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Handout #1: Evolution by Artificial Selection in Wisconsin Fast Plants™

In this section of the course, you will be working with data from a series of artificial selection experiments on Wisconsin Fast Plants. The data you will study were collected by college students. Bruce Fall, at the University of Minnesota, compiled the data and provided it to us for the activities you will be doing in the next few days.

In any case of artificial selection, the experimenter or breeder selects certain traits that are to be increased or exaggerated in later generations. You have already seen examples of this in pigeon and dog breeding. In this Fast Plant case, the trait of interest is the number of trichomes (plant hairs) on the petiole (stem) of the first true leaf of the fast plant. This very specific definition is necessary because it allows you to measure an informative trait within a reasonable amount of time. You could count the trichomes on the whole plant as it grows, but that would take too long! A detailed definition also clarifies how the trait will be counted or measured, so that valid comparisons of results can be made later.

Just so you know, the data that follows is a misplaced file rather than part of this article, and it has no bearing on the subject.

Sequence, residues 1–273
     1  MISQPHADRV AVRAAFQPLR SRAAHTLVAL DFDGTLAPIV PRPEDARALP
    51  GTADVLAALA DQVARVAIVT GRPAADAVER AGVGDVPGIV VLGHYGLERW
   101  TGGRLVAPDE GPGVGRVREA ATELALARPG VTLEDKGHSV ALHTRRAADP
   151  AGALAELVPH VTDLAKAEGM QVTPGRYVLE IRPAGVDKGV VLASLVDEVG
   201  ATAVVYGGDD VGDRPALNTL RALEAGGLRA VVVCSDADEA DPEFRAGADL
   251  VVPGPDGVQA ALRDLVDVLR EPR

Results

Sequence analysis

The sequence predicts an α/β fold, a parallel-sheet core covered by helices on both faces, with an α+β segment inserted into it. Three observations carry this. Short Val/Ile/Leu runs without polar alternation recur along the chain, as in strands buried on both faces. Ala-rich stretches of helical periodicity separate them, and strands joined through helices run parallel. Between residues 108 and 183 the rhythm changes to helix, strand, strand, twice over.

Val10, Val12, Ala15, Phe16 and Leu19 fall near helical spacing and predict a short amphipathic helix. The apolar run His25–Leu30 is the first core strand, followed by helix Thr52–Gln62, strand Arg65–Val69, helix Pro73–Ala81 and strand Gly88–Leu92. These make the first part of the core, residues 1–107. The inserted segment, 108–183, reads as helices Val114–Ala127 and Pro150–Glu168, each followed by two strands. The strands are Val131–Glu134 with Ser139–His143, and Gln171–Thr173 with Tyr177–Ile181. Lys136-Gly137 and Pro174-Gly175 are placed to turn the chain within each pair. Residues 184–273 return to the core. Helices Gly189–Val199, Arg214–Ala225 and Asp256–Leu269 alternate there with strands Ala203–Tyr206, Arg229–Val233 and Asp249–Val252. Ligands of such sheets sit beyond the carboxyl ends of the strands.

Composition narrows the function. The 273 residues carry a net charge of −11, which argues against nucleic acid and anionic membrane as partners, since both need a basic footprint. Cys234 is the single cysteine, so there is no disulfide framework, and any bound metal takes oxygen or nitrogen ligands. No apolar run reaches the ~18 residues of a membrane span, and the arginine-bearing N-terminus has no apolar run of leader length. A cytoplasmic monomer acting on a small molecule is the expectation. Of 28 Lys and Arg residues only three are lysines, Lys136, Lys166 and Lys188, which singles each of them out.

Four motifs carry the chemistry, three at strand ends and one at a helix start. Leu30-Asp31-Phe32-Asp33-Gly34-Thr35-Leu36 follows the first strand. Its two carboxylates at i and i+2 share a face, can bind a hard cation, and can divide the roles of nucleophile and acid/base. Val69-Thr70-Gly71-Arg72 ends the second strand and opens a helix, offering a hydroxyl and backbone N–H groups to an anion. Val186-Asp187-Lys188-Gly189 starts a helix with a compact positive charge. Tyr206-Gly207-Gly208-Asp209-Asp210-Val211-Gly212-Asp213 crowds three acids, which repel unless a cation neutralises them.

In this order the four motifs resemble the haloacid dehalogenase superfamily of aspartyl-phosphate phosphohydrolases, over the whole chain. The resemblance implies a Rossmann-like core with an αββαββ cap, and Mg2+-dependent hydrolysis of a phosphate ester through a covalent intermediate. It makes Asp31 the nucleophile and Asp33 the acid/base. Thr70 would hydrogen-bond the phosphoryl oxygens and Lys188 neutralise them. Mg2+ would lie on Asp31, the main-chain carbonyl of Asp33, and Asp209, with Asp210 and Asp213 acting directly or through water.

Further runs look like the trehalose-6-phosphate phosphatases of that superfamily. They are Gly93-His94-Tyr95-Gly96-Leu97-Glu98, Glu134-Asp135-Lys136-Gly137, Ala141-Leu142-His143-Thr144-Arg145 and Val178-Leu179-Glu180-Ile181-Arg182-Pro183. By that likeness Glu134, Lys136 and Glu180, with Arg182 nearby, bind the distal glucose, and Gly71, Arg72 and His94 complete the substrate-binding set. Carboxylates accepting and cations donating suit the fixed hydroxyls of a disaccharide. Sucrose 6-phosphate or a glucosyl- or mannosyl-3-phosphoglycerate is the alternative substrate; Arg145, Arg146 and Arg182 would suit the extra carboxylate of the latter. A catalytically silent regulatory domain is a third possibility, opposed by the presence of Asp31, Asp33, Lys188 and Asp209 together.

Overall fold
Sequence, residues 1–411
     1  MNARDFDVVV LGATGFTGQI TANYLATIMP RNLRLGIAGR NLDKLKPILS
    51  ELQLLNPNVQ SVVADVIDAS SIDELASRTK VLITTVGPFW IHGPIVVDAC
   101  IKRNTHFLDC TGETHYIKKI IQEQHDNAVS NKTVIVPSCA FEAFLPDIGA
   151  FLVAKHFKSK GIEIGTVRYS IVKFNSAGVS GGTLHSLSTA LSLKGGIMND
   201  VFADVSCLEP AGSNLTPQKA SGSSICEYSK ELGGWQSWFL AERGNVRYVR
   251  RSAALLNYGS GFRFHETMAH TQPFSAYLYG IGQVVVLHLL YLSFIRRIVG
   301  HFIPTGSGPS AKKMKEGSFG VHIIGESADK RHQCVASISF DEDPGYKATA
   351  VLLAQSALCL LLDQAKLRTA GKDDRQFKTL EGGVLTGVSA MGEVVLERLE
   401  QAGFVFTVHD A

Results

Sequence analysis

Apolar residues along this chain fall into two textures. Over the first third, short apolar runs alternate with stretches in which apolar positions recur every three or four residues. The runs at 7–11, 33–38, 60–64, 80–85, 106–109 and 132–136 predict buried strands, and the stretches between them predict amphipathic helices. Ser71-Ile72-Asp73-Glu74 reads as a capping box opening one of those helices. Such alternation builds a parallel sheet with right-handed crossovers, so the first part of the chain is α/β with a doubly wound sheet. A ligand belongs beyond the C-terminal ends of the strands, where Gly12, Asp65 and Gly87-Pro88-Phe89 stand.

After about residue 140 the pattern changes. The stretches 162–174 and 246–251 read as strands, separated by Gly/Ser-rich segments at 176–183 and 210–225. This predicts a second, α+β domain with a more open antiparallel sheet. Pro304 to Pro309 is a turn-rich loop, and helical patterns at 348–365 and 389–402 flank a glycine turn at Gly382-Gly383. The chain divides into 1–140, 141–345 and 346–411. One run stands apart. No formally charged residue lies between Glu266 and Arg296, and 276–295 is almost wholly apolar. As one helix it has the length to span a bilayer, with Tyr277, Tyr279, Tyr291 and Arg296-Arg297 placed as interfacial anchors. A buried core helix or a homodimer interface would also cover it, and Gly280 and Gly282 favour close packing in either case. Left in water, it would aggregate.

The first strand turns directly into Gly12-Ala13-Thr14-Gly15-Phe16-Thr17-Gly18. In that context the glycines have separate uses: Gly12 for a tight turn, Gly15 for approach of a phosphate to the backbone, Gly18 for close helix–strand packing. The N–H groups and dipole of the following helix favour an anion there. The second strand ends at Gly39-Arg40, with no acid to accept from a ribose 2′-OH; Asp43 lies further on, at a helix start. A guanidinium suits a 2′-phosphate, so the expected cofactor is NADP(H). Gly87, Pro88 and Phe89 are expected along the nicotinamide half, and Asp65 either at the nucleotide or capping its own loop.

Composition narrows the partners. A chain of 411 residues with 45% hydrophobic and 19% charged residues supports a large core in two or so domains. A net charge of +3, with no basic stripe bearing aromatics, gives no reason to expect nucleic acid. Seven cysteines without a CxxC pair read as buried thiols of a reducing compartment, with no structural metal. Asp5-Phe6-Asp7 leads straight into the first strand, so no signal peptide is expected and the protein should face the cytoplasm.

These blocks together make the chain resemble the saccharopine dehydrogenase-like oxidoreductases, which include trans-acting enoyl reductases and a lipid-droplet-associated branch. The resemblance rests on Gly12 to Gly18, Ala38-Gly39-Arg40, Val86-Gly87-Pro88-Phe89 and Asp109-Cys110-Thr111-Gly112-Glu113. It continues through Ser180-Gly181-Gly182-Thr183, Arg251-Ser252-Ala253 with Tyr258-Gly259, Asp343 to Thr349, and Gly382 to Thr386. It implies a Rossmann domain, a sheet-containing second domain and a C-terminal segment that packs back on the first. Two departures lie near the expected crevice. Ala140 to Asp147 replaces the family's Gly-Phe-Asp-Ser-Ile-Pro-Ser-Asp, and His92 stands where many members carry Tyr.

1. Make observations of the trichomes on Fast Plants that are growing in your classroom. You will need to use magnifiers or a dissecting microscope to see and count these small structures. Describe the trichomes.

2. Count the number of trichomes on the petiole (stem) of the first true leaf on one plant and write that number below. Find another plant and count the same trait on that plant. Were they the same?

3. Identify several other traits that vary within the Fast Plant population in your classroom. In what ways do they vary? Describe at least two traits below. For example, not every plant flowers at the exact same moment so we could say that the timing varies between plants. Another example might be the space between two structures on the plant. That kind of variation could be measured in centimeters.


4. Identify several traits that do not seem to vary within the Fast Plant population in your classroom.


5. Was it more difficult to find traits that vary or traits that don't vary? Why do you think this is so?


 

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